Squeezed in between Colombia’s Caribbean capital Barranquilla and the coastal resort of Santa Marta lies the city of Ciénaga, a forgotten and largely malgoverned colonial beauty. At last, a new (tweeting) mayor may turn matters around.
A city with a population of roughly 100,000 and a mean annual temperature of 34°C, Ciénaga’s traditional economic base is banana production, managed by multinational companies. However, large-scale palm oil plantations are now displacing bananas, resulting in the loss of many jobs. Local farmers are also under constant pressure to sell their land to big business, sometimes by means of unscrupulous tactics. Fairtrade-certified farmer’s co-operatives are definitely a way to improve people’s quality of life and economic situation.
In several stories, Nobel laureate Gabriel García Márquez depicts the banana industry’s impact on Ciénaga and the surrounding region. Internationally renowned music artist Carlos Vives, native of neighbouring Santa Marta, is constantly paying tribute to Ciénaga through dedications in songs and music videos.
The Banana massacre
Banana production is also the centre of Ciénaga’s saddest (yet internationally little known) episode in more recent history. In 1928, a union strike calling for better working conditions was ended bloodily by Colombian army forces, leaving an unknown number of workers dead. US officials and United Fruit Company representatives in Colombia had portrayed the fruit pickers’ strike as “communist” and “subversive”, leading the US government to pressure Bogotá to protect United Fruit’s interests by any means necessary. Ever since, locals told me, that episode has lead to some sort of “uncanny passiveness” amongst its population as regards making their political will heard.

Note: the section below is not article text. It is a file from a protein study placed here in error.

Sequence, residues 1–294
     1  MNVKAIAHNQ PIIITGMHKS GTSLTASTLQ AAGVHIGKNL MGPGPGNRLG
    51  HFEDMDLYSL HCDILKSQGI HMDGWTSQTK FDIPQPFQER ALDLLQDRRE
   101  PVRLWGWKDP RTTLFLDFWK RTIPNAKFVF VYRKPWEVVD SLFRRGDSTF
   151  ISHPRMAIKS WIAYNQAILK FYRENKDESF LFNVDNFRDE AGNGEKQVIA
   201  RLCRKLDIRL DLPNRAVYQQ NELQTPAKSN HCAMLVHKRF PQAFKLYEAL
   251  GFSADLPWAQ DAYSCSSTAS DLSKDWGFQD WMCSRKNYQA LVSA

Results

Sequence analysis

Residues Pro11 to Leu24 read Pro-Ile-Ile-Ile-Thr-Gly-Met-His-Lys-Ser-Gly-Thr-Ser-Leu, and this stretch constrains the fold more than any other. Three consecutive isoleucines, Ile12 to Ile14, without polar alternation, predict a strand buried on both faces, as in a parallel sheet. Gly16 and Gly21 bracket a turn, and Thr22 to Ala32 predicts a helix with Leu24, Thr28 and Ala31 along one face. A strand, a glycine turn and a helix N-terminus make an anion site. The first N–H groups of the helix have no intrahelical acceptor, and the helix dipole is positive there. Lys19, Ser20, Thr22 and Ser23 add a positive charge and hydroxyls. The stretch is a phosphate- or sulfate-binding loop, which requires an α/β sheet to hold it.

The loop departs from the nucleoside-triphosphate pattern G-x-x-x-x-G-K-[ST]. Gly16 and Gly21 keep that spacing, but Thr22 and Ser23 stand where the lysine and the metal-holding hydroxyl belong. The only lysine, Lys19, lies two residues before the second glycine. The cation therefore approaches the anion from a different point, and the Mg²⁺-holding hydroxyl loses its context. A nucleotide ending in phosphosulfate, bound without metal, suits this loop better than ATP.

A tweeting mayor
Ciénaga should be rich and thriving town due to its strategic location and corporate tax revenue from the coal industry, extracting the stuff from the nearby beaches. But it is still a relatively poor and neglected town. People say that there is plenty of money around, only it is never invested in anything sustainable and rather spent on symbolic political endeavours or disappears through shady channels all together.
Just to illustrate people’s distrust in local politicians: Urban legend has it that when, decades ago, the city’s marble-made main square monument (title picture) was up for renovation works, the city officials in charge managed to replace the marble with cheap grey granite over night in order to sell the expensive raw material on the black market.
But there is hope, at last. I may not agree with all of his policy stances, but the new mayor, thirty-something Edgardo “Nene” Pérez, has undoubtedly brought a novel communication style and policy focus to city hall. He uses Twitter (one thousand followers is a start) and Facebook as an effective means of communicating with its diverse electorate – something almost unheard of before in Cienaguera politics. (One shouldn’t underestimate the level of non-communication by officials people in these parts of the world are usually exposed to.)
Mayor Pérez also seems convinced of the city’s untapped economic and cultural potential, first and foremost as an “authentic” tourist destination, something which requires sufficient public security and an adequate infrastructure. Education and improving the town’s DIGITAL infrastructure, with fast internet connections being the norm, should be on his priority list as well.
Ciénaga has a lot to offer. Shady politicians, no political accountability and a resigned electorate have prevented this colonial beauty from living up to its true potential. This era might have come to an end.